Ectopic Pregnancy - Diagnosis

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Ectopic Pregnancy - Diagnosis
Ectopic Pregnancy - Diagnosis
Video: Ectopic Pregnancy - Diagnosis
Video: Ectopic Pregnancy - Overview (pathophysiology, signs and symptoms, treatment, investigations) 2023, February

Ectopic pregnancy: diagnosis

An ectopic pregnancy is often diagnosed by a gynecologist between the sixth and ninth weeks of pregnancy. At this point the embryo in the fallopian tube has reached a size that leads to characteristic symptoms. Sometimes the diagnosis is made by chance at an earlier point in time without any symptoms being present.

If an ectopic pregnancy is not recognized in time, dangerous complications can result.


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At the beginning, an ectopic pregnancy usually does not cause any symptoms, or the woman may notice classic signs of pregnancy and assume a "normal" pregnancy. Only when the embryo reaches a size that leads to wall tension in the fallopian tube do characteristic signs such as unilateral, pulling pelvic pain or vaginal bleeding appear.

More on the topic: Ectopic pregnancy: what is it?

How is the diagnosis made?

There are several steps that must be taken to make a reliable diagnosis of an ectopic pregnancy.


If there are symptoms that indicate an ectopic pregnancy, the gynecologist will first find out about possible previous illnesses and risk factors (e.g. previous surgical interventions, infections, previous malfunctions, endometriosis, etc.).

Gynecological check

During a pelvic exam, the following signs may indicate an ectopic pregnancy:

  • Unilateral sensitivity to pain: The affected fallopian tube in which the egg has lodged is very sensitive to pain.
  • Sensitivity to pain in the cervix: When the cervix is lifted or moved, pain occurs which is typical of an ectopic pregnancy.
  • The cervix is ​​closed and there is often light spotting.

Pregnancy test & laboratory examination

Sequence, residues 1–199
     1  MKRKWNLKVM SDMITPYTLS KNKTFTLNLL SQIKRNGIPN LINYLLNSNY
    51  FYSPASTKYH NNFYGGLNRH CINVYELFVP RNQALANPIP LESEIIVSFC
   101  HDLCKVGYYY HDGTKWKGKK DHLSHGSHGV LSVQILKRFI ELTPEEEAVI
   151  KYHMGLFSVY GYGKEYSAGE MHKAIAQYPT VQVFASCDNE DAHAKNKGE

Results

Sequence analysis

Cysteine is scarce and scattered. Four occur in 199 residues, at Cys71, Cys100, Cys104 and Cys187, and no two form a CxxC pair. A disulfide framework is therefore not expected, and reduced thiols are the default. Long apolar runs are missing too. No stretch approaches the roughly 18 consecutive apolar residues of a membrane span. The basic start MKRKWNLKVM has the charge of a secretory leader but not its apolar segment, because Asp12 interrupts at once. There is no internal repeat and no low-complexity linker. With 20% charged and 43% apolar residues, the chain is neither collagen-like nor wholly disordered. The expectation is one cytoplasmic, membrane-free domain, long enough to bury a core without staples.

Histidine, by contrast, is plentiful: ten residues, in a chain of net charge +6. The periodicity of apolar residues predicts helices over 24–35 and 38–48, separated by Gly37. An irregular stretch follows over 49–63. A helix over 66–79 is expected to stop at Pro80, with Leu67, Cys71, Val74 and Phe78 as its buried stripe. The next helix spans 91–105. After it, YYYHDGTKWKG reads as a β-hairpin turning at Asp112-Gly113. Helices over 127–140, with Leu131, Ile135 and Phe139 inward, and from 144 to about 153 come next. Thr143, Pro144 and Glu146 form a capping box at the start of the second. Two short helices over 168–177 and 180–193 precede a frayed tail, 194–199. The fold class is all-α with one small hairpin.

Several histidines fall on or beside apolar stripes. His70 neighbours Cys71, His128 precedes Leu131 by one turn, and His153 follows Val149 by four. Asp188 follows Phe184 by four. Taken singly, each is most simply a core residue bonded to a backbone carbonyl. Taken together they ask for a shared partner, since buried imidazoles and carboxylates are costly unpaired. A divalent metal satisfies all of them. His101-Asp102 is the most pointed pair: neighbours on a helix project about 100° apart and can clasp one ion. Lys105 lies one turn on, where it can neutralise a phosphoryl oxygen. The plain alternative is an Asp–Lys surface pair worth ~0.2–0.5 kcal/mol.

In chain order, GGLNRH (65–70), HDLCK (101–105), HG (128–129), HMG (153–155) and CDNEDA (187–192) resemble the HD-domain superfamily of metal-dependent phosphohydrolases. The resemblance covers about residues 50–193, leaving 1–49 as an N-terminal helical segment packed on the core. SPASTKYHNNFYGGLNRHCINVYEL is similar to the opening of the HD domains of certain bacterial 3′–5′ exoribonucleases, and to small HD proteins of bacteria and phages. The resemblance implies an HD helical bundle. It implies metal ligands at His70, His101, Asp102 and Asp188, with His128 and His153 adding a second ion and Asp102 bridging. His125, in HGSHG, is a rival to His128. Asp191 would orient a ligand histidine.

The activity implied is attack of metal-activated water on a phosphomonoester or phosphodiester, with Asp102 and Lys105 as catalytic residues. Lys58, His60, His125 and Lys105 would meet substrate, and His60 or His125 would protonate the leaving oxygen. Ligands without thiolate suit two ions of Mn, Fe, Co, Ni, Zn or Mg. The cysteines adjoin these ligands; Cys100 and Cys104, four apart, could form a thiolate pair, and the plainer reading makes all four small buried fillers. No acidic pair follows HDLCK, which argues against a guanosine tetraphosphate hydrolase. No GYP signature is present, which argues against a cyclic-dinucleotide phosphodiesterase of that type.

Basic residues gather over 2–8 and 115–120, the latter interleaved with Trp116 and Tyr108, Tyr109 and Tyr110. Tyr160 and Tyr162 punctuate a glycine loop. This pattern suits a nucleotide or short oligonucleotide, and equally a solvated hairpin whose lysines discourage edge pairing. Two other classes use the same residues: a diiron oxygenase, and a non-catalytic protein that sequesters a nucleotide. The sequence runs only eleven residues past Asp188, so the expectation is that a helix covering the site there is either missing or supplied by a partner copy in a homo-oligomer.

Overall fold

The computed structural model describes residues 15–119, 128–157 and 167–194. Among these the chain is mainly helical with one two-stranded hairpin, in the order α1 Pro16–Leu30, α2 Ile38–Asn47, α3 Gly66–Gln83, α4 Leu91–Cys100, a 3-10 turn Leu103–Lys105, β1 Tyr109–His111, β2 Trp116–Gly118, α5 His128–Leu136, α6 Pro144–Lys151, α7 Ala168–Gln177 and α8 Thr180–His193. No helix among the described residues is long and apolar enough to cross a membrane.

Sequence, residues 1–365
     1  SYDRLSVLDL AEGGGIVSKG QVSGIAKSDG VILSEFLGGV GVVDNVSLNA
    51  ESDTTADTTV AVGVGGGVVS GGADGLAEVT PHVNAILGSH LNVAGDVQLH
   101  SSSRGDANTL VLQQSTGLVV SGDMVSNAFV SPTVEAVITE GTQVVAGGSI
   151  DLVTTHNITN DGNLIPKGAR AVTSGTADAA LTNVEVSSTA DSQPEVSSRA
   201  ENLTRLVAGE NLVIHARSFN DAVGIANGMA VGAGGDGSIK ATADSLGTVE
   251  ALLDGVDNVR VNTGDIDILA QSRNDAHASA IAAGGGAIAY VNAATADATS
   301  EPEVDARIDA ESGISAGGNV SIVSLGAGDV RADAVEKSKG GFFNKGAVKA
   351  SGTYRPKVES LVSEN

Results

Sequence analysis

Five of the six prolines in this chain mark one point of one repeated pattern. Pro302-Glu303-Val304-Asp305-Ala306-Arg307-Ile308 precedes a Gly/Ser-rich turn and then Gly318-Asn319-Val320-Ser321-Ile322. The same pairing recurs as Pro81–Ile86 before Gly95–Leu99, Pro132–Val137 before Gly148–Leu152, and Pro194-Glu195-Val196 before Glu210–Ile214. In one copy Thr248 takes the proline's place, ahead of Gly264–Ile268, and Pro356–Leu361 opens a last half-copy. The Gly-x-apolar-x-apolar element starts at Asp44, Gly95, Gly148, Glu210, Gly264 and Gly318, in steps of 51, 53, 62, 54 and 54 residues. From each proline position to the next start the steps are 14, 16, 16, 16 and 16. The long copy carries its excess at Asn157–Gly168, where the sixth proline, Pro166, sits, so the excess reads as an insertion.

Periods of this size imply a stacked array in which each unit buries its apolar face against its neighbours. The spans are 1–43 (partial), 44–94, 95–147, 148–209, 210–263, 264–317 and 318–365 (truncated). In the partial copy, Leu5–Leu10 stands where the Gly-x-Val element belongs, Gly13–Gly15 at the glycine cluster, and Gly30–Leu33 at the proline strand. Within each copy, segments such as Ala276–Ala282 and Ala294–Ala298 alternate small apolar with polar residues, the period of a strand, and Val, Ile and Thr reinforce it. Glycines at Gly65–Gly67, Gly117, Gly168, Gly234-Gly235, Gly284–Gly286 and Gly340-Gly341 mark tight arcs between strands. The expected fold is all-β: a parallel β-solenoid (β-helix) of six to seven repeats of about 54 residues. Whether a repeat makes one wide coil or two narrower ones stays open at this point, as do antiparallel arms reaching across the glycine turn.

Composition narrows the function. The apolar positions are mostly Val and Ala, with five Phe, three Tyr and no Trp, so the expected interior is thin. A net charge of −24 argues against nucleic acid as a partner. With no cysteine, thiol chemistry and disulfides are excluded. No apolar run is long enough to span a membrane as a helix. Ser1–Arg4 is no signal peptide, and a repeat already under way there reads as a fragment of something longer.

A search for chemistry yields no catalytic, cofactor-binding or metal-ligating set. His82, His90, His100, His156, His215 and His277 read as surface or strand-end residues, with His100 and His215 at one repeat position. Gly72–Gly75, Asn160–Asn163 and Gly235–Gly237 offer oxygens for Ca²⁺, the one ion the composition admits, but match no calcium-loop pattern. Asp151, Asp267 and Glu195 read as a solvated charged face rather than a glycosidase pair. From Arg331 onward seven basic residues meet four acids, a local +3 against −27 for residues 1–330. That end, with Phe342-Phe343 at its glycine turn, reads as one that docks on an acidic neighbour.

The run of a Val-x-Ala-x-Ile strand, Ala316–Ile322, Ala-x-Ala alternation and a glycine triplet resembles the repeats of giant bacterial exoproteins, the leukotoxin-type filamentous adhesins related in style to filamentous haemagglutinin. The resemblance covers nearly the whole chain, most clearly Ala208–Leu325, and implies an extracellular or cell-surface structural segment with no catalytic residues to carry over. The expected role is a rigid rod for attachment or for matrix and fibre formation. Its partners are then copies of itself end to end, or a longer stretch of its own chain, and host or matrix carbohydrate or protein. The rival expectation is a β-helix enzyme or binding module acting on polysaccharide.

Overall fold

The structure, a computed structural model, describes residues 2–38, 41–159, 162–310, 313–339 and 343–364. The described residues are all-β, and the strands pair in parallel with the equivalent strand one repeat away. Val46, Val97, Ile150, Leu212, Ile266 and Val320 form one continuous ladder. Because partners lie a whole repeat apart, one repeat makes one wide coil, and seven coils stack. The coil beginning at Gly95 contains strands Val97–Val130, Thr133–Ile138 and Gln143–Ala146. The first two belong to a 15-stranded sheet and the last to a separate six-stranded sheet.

Since the placenta also produces the pregnancy hormone beta-hCG in an ectopic pregnancy, a pregnancy test will be positive. A normal pregnancy cannot be distinguished from an ectopic pregnancy. More on the topic: Pregnancy: Diagnosis

Long-term observation of the ß-hCG level in the blood is more informative: In a normal, intact pregnancy, the ß-hCG level in the blood rises steadily in the first weeks of pregnancy (it doubles every 48 hours). In an ectopic pregnancy, the embryo cannot develop in the same way as in a normal pregnancy; it often dies after a few weeks. In this case, the ß-hCG level rises only slowly, remains unchanged or falls again. Repeated measurements of the ß-hCG in the blood can therefore indicate whether the pregnancy is intact or not.

Note With the aid of this follow-up check, an intact pregnancy can be recognized or ruled out, but it does not provide any information about the location at which the implantation took place. An ultrasound examination is also necessary for this.


An ultrasound scan can help determine whether or not there is a pregnancy in the uterus. In early pregnancy, the examination is carried out through the vagina (vaginal ultrasound). If the pregnancy test is positive or if the ß-hCG values ​​are elevated, but no pregnancy is evident in the uterus, an ectopic pregnancy (or another form of ectopic pregnancy) must be considered.

The ovaries and fallopian tubes are also assessed using an ultrasound scan. Fluid in the abdomen can also be detected by means of ultrasound, if necessary; this can be another indication of a bleeding ectopic pregnancy.

Note Identifying an ectopic pregnancy is often difficult at a very early stage. If necessary, a so-called color Doppler ultrasound can be used; This allows structures with a good blood supply (such as the egg cell nested in the mucous membrane) to be detected, even if they are very small.

The diagnosis can usually be confirmed through the combination of symptoms, ultrasound examination and ß-hCH value. In unclear cases, a laparoscopy may also be necessary.

Whom can I ask?

A visit to a gynecologist is necessary to clarify an ectopic pregnancy. In acute cases (e.g. severe pelvic pain) you can also contact a hospital outpatient department for gynecology or, in medical emergencies, the ambulance at 144.

How are the costs going to be covered?

The e-card is your personal key to the benefits of the statutory health insurance. All necessary and appropriate diagnostic and therapeutic measures are taken over by your responsible social insurance agency. A deductible or contribution to costs may apply for certain services. You can obtain detailed information from your social security agency. Further information can also be found at:

  • Right to treatment
  • Visit to the doctor: costs and deductibles
  • What does the hospital stay cost?
  • Prescription fee: This is how drug costs are covered
  • Health Professions AZ

and via the online guide to reimbursement of social insurance costs.

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